If you drive through Spartanburg, you will see the signs. Hub City Coffee. Hub City Landscaping. Hub City Finance.
But if you want to know how the city of Spartanburg got its ubiquitous nickname, you’ll head to the newly opened Hub City Railroad Museum.
It turns out Spartanburg became Hub City back in the late 1800s, when seven train lines fanned out from the city like spokes on a wheel. Spartanburg was a major transportation hub; by the early 20th century nearly 20 passenger cars passed through and many more freight trains carried goods, textiles, peaches and other produce to nearly every corner of the country. The museum, housed inside of the beautifully preserved Magnolia Street Train Station, had its grand opening on May 1st, and tells the story of Spartanburg’s history as a railroad town.
The small but inviting museum is chocked full of historic photographs and memorabilia from the heyday of the railroad age. There are seats from old railcars, signal lights, Morse code equipment and original documents dating back to the birth of the railroad.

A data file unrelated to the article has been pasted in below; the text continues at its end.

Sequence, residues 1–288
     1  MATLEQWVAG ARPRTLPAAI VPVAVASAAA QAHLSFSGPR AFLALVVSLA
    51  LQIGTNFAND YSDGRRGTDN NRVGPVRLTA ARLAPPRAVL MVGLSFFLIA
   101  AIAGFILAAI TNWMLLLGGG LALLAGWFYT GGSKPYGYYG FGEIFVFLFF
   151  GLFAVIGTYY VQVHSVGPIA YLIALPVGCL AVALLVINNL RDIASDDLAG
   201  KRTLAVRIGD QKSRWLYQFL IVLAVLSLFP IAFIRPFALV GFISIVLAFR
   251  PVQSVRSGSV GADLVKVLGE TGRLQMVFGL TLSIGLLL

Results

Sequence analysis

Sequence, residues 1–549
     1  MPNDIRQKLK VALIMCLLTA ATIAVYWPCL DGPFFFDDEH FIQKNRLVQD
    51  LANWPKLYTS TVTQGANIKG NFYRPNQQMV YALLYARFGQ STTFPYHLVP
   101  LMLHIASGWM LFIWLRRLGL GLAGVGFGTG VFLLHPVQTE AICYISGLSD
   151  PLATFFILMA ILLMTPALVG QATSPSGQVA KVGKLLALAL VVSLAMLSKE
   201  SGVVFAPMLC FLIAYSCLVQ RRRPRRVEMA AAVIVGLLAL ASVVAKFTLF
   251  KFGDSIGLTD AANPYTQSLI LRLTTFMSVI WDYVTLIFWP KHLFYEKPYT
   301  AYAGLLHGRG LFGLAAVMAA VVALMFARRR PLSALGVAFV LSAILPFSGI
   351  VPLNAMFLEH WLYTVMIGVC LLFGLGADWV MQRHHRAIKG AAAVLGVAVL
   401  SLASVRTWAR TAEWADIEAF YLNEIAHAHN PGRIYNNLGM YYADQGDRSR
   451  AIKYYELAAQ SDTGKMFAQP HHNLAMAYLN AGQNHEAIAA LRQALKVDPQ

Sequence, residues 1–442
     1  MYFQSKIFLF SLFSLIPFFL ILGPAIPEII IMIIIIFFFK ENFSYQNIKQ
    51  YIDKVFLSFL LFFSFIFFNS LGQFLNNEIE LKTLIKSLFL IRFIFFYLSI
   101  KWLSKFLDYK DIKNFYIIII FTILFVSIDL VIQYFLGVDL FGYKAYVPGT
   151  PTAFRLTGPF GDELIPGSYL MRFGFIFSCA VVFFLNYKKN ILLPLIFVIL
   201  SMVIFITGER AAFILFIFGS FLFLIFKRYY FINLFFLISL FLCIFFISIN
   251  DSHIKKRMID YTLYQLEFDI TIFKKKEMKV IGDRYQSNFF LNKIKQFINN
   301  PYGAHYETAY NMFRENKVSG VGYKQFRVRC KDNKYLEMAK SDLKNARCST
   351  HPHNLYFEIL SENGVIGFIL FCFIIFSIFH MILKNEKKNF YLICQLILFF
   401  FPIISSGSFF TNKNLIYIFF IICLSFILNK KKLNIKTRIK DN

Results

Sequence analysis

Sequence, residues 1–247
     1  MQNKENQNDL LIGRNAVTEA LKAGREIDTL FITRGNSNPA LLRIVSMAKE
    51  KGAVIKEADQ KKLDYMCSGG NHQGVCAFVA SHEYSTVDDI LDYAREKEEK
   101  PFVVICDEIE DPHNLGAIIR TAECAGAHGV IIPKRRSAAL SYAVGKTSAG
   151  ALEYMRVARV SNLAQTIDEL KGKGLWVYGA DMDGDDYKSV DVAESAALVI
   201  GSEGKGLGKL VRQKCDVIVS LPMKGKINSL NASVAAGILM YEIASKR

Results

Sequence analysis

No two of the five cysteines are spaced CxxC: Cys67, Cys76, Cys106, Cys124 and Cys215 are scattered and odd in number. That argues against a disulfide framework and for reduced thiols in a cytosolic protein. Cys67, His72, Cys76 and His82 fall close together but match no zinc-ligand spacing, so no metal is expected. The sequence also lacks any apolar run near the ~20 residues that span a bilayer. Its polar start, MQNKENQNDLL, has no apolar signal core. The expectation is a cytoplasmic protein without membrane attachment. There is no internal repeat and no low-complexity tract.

But the real treasures of the museum are the railroad enthusiasts who developed the museum. On opening day, members of the Greenville/Upstate chapter of the National Railway Historical Society were on hand to answer questions, share their reminiscences about the Spartanburg railroad system, and celebrate the culmination of their two-year effort to open the museum.
One of the opening day attractions was a special, hour-long trolley bus tour through Spartanburg. Two members of the historical society acted as guides and pointed out the history of this railroad town that is hidden in plain sight: the location of a terrible, head-on train collision in the 1940’s, the original, wooden overpasses built by the railroads, the remnants of the city streetcar system, the original passenger train depot. It was a really pleasant ride and a fascinating look at the layers of the city. The tours were a special grand opening event, but the museum says that if there is interest, they will add more trolley tours in the future.
Perhaps the best part of the trip was hearing the delight in the voice of our tour guide as we approached a railroad crossing and he saw that the gates were down.
“I’m probably the only person you’ll ever meet who drives around town hoping that will happen," he said, "so that I can watch the trains go by.”